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Bagwell v. Pennsylvania Department of Education

Commonwealth Court of Pennsylvania

July 19, 2013

Ryan Bagwell, Petitioner
v.
Pennsylvania Department of Education, Respondent

Argued: June 19, 2013

BEFORE: HONORABLE DAN PELLEGRINI, President Judge HONORABLE BERNARD L. McGINLEY, Judge HONORABLE BONNIE BRIGANCE LEADBETTER, Judge HONORABLE RENÉE COHN JUBELIRER, Judge HONORABLE ROBERT SIMPSON, Judge HONORABLE PATRICIA A. McCULLOUGH, Judge HONORABLE ANNE E. COVEY, Judge

OPINION

SIMPSON, JUDGE

This is a Right-to-Know Law (RTKL)[1] appeal from a final determination of the Office of Open Records (OOR) that dismissed an appeal on jurisdictional grounds. Ryan Bagwell (Requester) sought records from the Pennsylvania Department of Education (Department), specifically the Secretary of Education (Secretary) in his capacity as an ex officio[2] member of the Pennsylvania State University (PSU) Board of Trustees (Board). Although the request did not expressly refer to the Sandusky scandal, the time frame implicates such records. After initially responding to Requester on the merits, the Department claimed the appeal to OOR should be dismissed for lack of jurisdiction over PSU records.

OOR reasoned it lacked jurisdiction over the appeal because the request sought records of PSU, which is not a defined agency under the RTKL. Requester contends jurisdiction was proper because he made the request to the Department, a Commonwealth agency. He also argues the records are not exempt. Both parties ask this Court to address the exemptions, although OOR did not reach them. Because OOR had jurisdiction, we reverse and remand for further proceedings as to the applicability of the asserted exemptions.

I. Background

Requester sought records from the Department, specifically "copies of letters, emails, reports and memorand[a] received by Secretary of Education Ronald J. Tomalis that were: (1) received by Secretary Tomalis in April, May, June and July of 2012; (2) sent to Secretary Tomalis during his official capacity as a member of [PSU]'s Board of Trustees; and, (3) sent by any of the below-mentioned individuals who are associated with [PSU] .…" Reproduced Record (R.R.) at 1a-2a (Request). The 38 people identified in the Request are current or former members of the Board, employees of the Board, prior counsel to the Board, a former PSU President, and a spokesperson for the Board.

The Department denied the Request in part on the following grounds: attorney-client and attorney work-product privileges; the Predecisional Deliberative exception in Section 708(b)(10) of the RTKL, 65 P.S. §67.708(b)(10); the Noncriminal Investigative exception in Section 708(b)(17) of the RTKL, 65 P.S. §67.708(b)(17); and, the Personal Information exception at Section 708(b)(6) of the RTKL, 65 P.S. §67.708(b)(6). The Department provided some responsive records and additional records in redacted form. Significantly, the Department did not challenge whether the records were "of" the Department or contest possession of the records.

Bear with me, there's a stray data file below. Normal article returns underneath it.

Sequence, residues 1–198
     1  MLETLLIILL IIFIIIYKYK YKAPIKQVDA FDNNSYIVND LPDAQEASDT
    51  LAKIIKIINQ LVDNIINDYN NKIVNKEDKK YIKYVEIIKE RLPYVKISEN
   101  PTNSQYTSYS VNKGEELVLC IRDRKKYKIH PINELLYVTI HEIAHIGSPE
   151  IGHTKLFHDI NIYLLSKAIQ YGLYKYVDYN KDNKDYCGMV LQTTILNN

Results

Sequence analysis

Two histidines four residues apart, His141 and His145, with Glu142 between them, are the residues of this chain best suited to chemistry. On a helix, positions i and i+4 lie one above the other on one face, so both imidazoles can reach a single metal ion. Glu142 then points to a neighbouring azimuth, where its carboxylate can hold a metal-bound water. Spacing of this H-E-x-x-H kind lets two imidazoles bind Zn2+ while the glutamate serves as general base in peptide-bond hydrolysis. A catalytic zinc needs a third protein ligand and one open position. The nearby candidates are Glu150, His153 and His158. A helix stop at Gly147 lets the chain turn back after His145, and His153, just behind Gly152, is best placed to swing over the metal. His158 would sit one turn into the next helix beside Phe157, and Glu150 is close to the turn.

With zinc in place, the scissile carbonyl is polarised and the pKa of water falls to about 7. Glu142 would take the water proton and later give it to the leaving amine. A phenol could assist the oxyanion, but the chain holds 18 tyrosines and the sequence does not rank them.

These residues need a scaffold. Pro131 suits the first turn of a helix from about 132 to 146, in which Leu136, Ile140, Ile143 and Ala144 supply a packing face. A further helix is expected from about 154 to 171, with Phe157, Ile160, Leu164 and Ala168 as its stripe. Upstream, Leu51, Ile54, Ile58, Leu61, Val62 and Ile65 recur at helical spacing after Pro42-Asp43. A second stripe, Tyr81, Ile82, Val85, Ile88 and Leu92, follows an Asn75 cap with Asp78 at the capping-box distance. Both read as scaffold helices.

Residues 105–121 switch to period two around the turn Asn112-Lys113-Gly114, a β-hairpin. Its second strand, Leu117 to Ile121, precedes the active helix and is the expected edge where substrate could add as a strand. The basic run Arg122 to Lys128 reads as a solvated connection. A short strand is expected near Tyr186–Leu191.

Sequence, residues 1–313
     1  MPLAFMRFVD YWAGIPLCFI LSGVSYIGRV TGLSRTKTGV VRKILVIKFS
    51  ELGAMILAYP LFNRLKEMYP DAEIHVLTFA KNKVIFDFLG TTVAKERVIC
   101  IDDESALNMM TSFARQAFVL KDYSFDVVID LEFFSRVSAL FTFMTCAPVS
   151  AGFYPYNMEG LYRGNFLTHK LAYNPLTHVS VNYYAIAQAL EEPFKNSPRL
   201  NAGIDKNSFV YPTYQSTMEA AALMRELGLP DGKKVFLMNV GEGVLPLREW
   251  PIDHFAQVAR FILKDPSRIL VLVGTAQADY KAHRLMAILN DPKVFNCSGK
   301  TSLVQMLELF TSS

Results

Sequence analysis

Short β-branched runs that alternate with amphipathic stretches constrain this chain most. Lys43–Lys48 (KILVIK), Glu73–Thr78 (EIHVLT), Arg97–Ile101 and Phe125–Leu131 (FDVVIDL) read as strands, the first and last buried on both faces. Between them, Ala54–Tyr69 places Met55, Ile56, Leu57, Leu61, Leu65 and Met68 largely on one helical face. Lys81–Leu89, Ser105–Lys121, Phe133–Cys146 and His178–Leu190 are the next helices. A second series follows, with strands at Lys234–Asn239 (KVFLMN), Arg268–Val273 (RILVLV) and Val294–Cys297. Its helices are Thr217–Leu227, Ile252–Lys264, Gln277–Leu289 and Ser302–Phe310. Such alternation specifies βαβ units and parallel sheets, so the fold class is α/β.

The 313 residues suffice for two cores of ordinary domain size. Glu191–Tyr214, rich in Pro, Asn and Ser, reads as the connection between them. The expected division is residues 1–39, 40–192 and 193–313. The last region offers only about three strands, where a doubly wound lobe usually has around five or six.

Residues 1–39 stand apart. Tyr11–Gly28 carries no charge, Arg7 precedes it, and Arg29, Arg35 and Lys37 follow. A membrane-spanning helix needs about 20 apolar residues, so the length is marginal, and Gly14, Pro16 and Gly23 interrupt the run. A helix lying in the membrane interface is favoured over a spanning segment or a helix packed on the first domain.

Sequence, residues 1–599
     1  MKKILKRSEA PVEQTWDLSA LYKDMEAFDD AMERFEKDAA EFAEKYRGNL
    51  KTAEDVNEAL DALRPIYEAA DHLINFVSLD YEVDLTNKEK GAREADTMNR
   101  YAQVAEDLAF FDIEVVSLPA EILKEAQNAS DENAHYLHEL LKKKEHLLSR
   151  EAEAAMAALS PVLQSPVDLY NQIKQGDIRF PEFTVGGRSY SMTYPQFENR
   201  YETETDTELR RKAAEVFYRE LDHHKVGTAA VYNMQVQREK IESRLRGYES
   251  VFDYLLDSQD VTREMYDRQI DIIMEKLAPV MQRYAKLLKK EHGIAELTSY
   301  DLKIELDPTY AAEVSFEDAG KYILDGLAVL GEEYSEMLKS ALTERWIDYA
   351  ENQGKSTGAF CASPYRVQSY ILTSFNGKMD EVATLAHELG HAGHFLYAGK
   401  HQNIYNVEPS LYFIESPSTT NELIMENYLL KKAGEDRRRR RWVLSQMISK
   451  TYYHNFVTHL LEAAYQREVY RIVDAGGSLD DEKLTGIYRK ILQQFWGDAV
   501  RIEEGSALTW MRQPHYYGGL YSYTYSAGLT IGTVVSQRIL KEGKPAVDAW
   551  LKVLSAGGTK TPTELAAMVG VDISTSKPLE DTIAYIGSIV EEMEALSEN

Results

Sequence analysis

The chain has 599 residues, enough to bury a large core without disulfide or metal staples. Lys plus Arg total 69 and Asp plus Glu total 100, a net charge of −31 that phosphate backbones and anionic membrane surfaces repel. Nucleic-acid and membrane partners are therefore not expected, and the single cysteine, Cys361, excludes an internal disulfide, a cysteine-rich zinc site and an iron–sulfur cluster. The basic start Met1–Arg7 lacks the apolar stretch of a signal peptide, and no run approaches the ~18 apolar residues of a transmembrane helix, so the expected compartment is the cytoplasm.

Requester appealed to OOR, asserting the Department did not describe the records it withheld. Requester also argued the Department did not explain how the asserted exemptions applied.

The Department submitted a letter memorandum outlining its legal basis for withholding the records. The Department also represented that the only records responsive to the Request are from either a PSU Board member or Board staff. See Department Letter, 8/23/12, (Letter), R.R. at 19a-23a. Counsel signed the Letter below the following statement: "Under penalty of perjury, I swear that the facts set forth herein are true and correct to the best of my knowledge, information and belief." R.R. at 23a. The Department explained the Secretary was the co-chairman of the Board's Special Investigations Task Force (Task Force), created to investigate the allegations underlying the Sandusky scandal. For the first time, in response to Requester's appeal, the Department claimed the records requested are not Department records under the RTKL.

In support of its argument that the records are not "of" the Department, the Department advised it disclosed certain records to Requester before it learned of OOR's decision in another case involving the Governor, and his capacity as a PSU Board member, Schackner/The Pittsburgh Post-Gazette v. Office of the Governor, OOR Dkt. No. AP 2012-0329 (issued Apr. 4, 2012). In Schackner, OOR determined that correspondence between PSU and the Governor, in his capacity as a PSU Board member, were not records because PSU is not defined as an agency under the RTKL. The Department explained the only responsive records were communications from Board members or Board staff to another Board member (i.e., the Secretary); therefore, the correspondence were not Department "records" as defined in Section 102 of the RTKL, 65 P.S. §67.102. Under Schackner, the Department argued, OOR should dismiss the appeal.

In the alternative, the Department asserted the records withheld are protected by the Noncriminal Investigative exception, and attorney privileges because they pertain to the Task Force, and the Secretary's role as its co-chairman. The Department also argued the records are protected by the Predecisional Deliberative exception because the Secretary received the communications "as a Board member for purposes of contemplating or proposing policy or courses of action by the Board." See Letter at 4; R.R. at 22a. Notably, aside from counsel swearing to the content of the Letter, the Department did not submit any evidence in support of its cited exemptions.

In rebuttal, Requester argued the Secretary is part of a Commonwealth agency, and serves on the Board ex officio on behalf of the Department.[3]Therefore, the records qualify as records of an "agency" as defined by the RTKL, and OOR should review the merits. Requester also asked OOR to undertake in camera review of responsive records in accordance with OOR's Interim Appeals Guidelines posted on its website.